Published online by Cambridge University Press: 05 February 2010
I reconsider the idea that there is an analogy between belief in other minds and belief in God, and examine two approaches to the relevant beliefs. The ‘explanatory inductive’ approach raises difficulties in both contexts, and involves questionable assumptions. The ‘expressivist’ approach is more promising, and presupposes a more satisfactory metaphysical framework in the first context. Its application to God is similarly insightful, and offers an intellectually respectable, albeit resistible, version of the doctrine that nature is a book of lessons.
2. J. Wisdom, ‘Gods’, in A. G. N. Flew (ed.) Logic and Language, 2nd series, VII (Oxford: Oxford University Press, 1953).
5. See Avramides, AnitaOther Minds (London: Routledge, 2001Google Scholar); John McDowell ‘Singular thought and the extent of inner space’, in Philip Pettit and John McDowell (eds) Subject, Thought, and Context (Oxford: Oxford University Press, 1986), 137–168.
7. McGinn, Colin ‘What is the problem of other minds?’, Proceedings of the Aristotelian Society, supplementary vol. 58, (1984), 123Google Scholar. See also Overgaard, Søren ‘Rethinking other minds: Wittgenstein and Levinas on expression’, Inquiry, 48 (2005), 259CrossRefGoogle Scholar; Plantinga, God and Other Minds, 188.
11. For a defence, see Aune, Bruce ‘Other minds after twenty years’, Midwest Studies in Philosophy, 11 (1987), 559–574CrossRefGoogle Scholar; and Paul M. Churchland Matter and Consciousness (Cambridge: MIT Press, 1984), ch. 4. See also Hilary Putnam ‘Other minds’, in idem Mind, Language and Reality: Philosophical Papers, II (Cambridge: Cambridge University Press, 1975); John McDowell ‘Criteria, defeasibility, and knowledge’, in idem Meaning, Knowledge, and Reality (Cambridge MA: Harvard University Press, 1988), 369–394; and Wikforss ‘Direct knowledge and other minds’ for criticisms.
12. Churchland Matter and Consciousness, 72, welcomes this implication.
13. Aune ‘Other minds after twenty years’, 346. See also Wikforss ‘Direct knowledge and other minds’, s.2.2.
15. This section is influenced by Overgaard, ‘Rethinking other minds’.
16. R. Rhees (ed.)‘Wittgenstein's notes for lectures on “private experience” and “sense data”’, Philososophical Review, 77 (1968), 302–303.
17. McDowell ‘Criteria, defeasibility, and knowledge, 387.
20. Taliaferro Consciousness and the Mind of God, 115.
21. See also P. F. Strawson ‘Self, mind, and body’, in idem Freedom and Resentment and Other Essays (London: Methuen, 1974), ch. 8.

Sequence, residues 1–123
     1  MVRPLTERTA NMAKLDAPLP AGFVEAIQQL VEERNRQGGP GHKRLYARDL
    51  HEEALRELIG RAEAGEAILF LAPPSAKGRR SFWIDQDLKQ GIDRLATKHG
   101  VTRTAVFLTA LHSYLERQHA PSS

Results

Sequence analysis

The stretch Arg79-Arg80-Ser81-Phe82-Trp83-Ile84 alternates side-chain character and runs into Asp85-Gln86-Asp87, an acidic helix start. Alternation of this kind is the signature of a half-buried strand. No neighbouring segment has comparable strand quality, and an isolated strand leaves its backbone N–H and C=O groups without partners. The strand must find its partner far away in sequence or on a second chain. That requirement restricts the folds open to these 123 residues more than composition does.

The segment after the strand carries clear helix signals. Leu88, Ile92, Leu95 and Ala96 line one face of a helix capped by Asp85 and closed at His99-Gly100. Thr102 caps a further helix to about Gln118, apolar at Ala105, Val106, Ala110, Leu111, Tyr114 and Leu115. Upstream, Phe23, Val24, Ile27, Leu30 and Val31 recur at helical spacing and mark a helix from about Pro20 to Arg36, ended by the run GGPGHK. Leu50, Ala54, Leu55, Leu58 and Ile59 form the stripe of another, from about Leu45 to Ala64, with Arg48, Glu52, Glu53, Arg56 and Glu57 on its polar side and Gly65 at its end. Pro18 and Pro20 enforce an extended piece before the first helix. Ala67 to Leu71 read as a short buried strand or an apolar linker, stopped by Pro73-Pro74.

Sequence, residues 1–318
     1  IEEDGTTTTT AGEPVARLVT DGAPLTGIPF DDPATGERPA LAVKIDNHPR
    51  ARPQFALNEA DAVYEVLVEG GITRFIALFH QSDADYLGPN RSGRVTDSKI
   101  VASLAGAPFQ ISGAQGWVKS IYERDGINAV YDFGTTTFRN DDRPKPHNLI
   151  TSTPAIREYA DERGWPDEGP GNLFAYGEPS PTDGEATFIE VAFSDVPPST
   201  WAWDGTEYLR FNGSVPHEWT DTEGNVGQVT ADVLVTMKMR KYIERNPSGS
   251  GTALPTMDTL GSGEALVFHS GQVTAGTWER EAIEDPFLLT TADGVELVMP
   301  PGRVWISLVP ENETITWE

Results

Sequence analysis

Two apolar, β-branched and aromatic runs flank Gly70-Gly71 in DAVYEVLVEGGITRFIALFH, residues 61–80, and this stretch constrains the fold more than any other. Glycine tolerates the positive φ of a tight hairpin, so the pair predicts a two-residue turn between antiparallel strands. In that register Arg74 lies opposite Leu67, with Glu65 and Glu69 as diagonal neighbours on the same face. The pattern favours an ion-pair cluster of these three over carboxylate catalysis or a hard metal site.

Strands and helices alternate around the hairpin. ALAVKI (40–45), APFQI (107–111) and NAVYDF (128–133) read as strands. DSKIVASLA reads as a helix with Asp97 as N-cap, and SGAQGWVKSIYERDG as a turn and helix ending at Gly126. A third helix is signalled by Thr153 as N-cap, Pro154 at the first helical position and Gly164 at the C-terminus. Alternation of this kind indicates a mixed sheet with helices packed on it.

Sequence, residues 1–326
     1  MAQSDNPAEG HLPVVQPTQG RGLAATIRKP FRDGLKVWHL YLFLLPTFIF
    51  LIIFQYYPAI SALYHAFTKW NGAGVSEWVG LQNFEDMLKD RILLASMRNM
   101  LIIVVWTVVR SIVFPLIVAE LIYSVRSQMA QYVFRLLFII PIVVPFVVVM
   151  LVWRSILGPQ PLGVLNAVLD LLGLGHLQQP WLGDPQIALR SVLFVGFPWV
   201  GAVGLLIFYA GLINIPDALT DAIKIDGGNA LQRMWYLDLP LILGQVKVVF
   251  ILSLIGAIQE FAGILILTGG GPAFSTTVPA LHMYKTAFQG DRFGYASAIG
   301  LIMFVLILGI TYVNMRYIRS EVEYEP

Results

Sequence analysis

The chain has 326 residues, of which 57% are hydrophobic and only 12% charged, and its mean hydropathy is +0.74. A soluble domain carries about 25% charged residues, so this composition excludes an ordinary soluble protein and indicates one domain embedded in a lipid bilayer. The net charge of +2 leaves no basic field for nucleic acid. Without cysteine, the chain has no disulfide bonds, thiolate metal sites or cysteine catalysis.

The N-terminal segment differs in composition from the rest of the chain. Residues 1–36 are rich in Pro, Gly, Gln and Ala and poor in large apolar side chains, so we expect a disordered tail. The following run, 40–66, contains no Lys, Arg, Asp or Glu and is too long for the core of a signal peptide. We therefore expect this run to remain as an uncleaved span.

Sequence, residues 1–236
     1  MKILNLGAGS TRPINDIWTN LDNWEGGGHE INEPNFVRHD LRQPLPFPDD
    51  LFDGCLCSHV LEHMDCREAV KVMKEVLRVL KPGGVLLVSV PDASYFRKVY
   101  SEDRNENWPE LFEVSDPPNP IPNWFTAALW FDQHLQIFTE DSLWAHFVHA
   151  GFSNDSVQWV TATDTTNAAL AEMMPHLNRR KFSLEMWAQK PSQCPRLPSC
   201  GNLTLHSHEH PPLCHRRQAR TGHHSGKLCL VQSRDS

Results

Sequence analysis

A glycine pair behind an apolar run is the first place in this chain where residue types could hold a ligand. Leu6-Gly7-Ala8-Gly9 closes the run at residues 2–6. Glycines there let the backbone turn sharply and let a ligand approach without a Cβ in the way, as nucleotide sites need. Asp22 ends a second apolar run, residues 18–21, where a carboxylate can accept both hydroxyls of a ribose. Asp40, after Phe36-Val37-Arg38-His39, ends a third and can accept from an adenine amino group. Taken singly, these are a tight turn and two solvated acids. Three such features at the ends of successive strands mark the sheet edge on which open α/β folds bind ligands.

22. Taliaferro Consciousness and the Mind of God, 114–122.
23. See also Grigg, Richard ‘The crucial disanalogies between properly basic belief and belief in God’, Religious Studies, 26 (1990), 393–394CrossRefGoogle Scholar; Michael Martin Atheism: A Philosophical Justification (Philadelphia PA: Temple University Press, 1990), 274; and Garth Hallett A Middle Way to God (Oxford: Oxford University Press, 2000), 26.
24. Paul Tillich Systematic Theology 1 (Chicago IL: Chicago University Press, 1973), 205.
26. Richard Swinburne The Existence of God (Oxford: Oxford University Press, 1979).
29. Swinburne The Existence of God, 291.
30. Mackie The Miracle of Theism, 253.
31. Robinson, JohnHonest to God (London: SCM Press, 1963)Google Scholar; Schubert Ogden The Reality of God and Other Essays (Dallas TX: Southern Methodist University Press, 1963); John Macquarrie Thinking about God (London: SCM Press, 1975); Grace Jantzen God's World, God's Body (London: Darton, Longman, and Todd, 1984).
32. Philip Clayton ‘Panentheism in metaphysical and scientific perspective’, in Philip Clayton and Arthur Peacocke (eds) In Whom We Live and Move and Have Our Being: Panentheistic Reflections on God's Presence in a Scientific World (Grand Rapids MI: Eerdmans Publishing Co., 2004), 76–77.
34. See Jantzen God's World, God's Body, 128.
36. McDowell Mind and World, 71.
38. Jantzen God's World, God's Body, 151.
45. See Taliaferro Consciousness and the Mind of God, 196–210.
47. I am grateful to Mike Inwood, Gerry Hughes, Gemma Simmonds, Craig French, Brian O'Shaughnessy, Roger Scruton, and Paul Snowdon for their indispensable and generous support. I would also like to thank an anonymous referee for this journal whose comments contributed greatly to my understanding of the problem.